The story is told of Sam, a young man, who was contemplating his future. He had an older friend, Harry, who was single and so Sam asked Harry why he hadn’t married. Harry said that he wanted the perfect woman – spiritually deep, intelligent, kind, and beautiful. He went on to say that he had traveled the world looking for her. And finally he found her. Sam asked – yes? You married her? Harry said that no he hadn’t married her. Sam asked, “But why not?” “Ahh,” replied Harry. “It seems that she was looking for the perfect man.”
Yes, today’s Gospel reading is one of Jesus’ teachings – this one on marriage and divorce. And I have to tell you that I really wrestled with this one this week for what I hope are obvious reasons. I am married to a man who is divorced and have seen firsthand the pain of that in his life, our life together, and in our family’s life.
Some experts estimate that as many as 45% of marriages will end in divorce within 15 years. A study out of Rutgers University in 2005 found that only 63% of American children grow up with both biological parents -- the lowest figure in the Western world. And, perhaps most curiously, the divorce rate of Christians is nearly identical to that of non-Christians. What do we make of this? And what do we make of Jesus’ words today?
Jesus is clearly speaking of marriage and divorce. The Pharisees correctly observe that should the husband decide to divorce his wife, the law of Moses said that he could by giving her a certificate of divorce and sending her packing. And various rabbis interpreted this to permit a divorce for as simple a reason as the husband didn’t like his wife’s cooking. And we thought “no-fault” divorce was a modern invention! So, in answer to the Pharisees’ question, the answer was Yes, the Law permits a husband to divorce his wife. The Pharisees knew the Law.
But Jesus had more to say than simply to parrot what the Law said. You know, we say that we are people of grace, people who are not legalistic, people who know that we do not have a saving relationship with God because of anything WE have done. But, you know sometimes, I do believe that we get a little stuck in wanting to know precisely where the lines are – the lines that define “us” and “them”, the lines that include and thereby exclude, the lines that define who is in and who is out, the lines that show us who the law keepers are and who the law breakers are. You see if I know all those lines, then my life is just a little easier.
But, thanks be to God, Jesus looked at things so much differently. He said that this Law was given because of the hardness of heart of sinful human beings. He knew that we all want to know precisely where the lines are and he frustrated our attempts in this. He said, “Yes, the Law that came to you through Moses said that you could divorce your wife. Yes, there may well be times when that is necessary for any number of reasons. But, I want you to understand this – that is NOT at all what God intended for a husband and a wife in their life together.” And Jesus goes on to describe what God had in mind.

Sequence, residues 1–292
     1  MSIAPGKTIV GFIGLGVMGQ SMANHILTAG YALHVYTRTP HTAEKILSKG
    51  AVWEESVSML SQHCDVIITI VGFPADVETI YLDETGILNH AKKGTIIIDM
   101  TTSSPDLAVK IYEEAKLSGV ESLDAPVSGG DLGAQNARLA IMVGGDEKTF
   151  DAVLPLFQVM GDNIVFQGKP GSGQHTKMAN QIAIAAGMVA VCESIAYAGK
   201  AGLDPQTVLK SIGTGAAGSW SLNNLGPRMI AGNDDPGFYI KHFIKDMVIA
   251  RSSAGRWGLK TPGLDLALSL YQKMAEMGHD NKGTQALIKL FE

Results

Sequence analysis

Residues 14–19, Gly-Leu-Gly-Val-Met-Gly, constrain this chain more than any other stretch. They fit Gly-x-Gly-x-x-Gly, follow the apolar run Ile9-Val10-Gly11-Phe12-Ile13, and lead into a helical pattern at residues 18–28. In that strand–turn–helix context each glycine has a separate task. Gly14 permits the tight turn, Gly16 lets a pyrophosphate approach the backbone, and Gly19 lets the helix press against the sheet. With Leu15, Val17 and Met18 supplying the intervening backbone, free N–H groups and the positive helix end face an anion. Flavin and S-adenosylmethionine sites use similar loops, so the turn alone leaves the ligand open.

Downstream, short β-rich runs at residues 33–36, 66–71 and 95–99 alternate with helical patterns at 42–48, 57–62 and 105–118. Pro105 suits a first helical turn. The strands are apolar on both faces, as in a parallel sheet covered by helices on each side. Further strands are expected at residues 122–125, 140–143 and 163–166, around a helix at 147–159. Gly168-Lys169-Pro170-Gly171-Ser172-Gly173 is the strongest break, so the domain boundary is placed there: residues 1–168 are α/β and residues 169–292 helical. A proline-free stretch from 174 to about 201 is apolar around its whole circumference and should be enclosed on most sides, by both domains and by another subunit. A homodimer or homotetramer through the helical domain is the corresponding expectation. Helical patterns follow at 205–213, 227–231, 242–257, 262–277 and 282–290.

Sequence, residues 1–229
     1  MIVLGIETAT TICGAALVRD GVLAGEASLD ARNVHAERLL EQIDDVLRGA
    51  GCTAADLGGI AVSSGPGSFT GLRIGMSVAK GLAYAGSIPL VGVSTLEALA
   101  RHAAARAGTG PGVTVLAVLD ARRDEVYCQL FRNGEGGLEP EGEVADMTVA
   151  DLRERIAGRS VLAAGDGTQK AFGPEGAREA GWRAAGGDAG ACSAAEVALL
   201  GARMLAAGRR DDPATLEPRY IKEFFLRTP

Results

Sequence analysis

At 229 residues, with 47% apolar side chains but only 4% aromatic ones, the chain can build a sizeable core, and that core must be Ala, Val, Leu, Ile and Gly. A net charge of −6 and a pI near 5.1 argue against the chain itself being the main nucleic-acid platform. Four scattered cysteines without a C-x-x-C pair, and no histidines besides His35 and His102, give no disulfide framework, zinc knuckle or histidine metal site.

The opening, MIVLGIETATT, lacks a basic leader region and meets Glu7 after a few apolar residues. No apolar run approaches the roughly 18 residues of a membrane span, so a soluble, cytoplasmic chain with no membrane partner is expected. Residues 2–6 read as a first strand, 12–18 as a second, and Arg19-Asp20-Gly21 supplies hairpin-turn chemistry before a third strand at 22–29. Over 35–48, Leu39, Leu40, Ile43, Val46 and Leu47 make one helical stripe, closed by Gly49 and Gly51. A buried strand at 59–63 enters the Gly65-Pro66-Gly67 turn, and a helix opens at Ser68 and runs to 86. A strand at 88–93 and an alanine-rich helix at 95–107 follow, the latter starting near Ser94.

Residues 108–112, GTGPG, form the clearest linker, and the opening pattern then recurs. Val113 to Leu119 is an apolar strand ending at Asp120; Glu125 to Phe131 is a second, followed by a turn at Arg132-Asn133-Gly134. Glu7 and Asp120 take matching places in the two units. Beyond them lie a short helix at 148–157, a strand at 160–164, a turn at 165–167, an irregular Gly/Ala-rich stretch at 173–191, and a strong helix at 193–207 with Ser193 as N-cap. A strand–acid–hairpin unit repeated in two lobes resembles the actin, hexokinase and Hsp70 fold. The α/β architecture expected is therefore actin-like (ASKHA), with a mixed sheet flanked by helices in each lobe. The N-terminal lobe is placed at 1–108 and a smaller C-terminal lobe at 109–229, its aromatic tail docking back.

God had in mind a relationship of soft hearts, two people who leave their loyalties to their families behind them in order to create a union that becomes so intimate and so close and so shaped by the love of God, that these two individuals become one flesh. Please remember this – divorce is not a sin in and of itself. NO, there are often good reasons to divorce. Divorce is the result of the condition of sin. We are a broken people living broken lives in a broken world. And we are in desperate need of a Savior.
And so we come to another aspect of today’s Gospel reading. The story outside of the story. Let’s compare the people who came to Jesus – we have the Pharisees and the little children.
The Pharisees and the little children. The Pharisees came with the motive of trapping Jesus, of tripping him up because of his frequent disregard of the Law – not washing hands correctly, not observing Sabbath correctly, welcoming all sorts of unsavory people. So they try one more time. They ask their question – one that they think is sure to cause him problems. And Jesus says in essence, “You ask me this because of the hardness of your heart.”
On the other hand the little children – not just children, but “little” children – come seeking Jesus’ touch. When has Jesus touched people in the Gospel of Mark? Jesus touched people in order that they may be healed! These children coming to Jesus may well have been the children that we would see at All Children’s Hospital or in the “sick” part of any pediatrician’s waiting room. Remember what we know about children in ancient times – they weren’t even included in the census until they were 2 or 3 years old, so desperate was their plight. These children were in desperate need of a Savior, in desperate need of the touch of Jesus. In desperate need of his welcoming embrace.
One of the distant memories that I can actually feel is of a Christmas Eve perhaps 50 years ago. We had just gotten into our car to drive home from my Godparents’ home. We always spent Christmas Eve with them. It was very cold. Dad was driving. I was in the middle of the front seat. Mom was on the passenger side. (This was in the days of no seat belts, no child seats). Mom put her arm around me and I nuzzled my face into the very soft fake fur of her winter coat. I felt safe and cared for and loved.
That’s how it was for the children coming to Jesus.
My friends, the words of Gospel today are not that Jesus condemns divorce. The word of Gospel is that Jesus engages with those who challenge him, seek to trip him up, think the worst of him. The word of Gospel is that Jesus embraced snotty-nosed kids, kids with a fever, kids who were sick, kids like you and me.
Thanks be to God.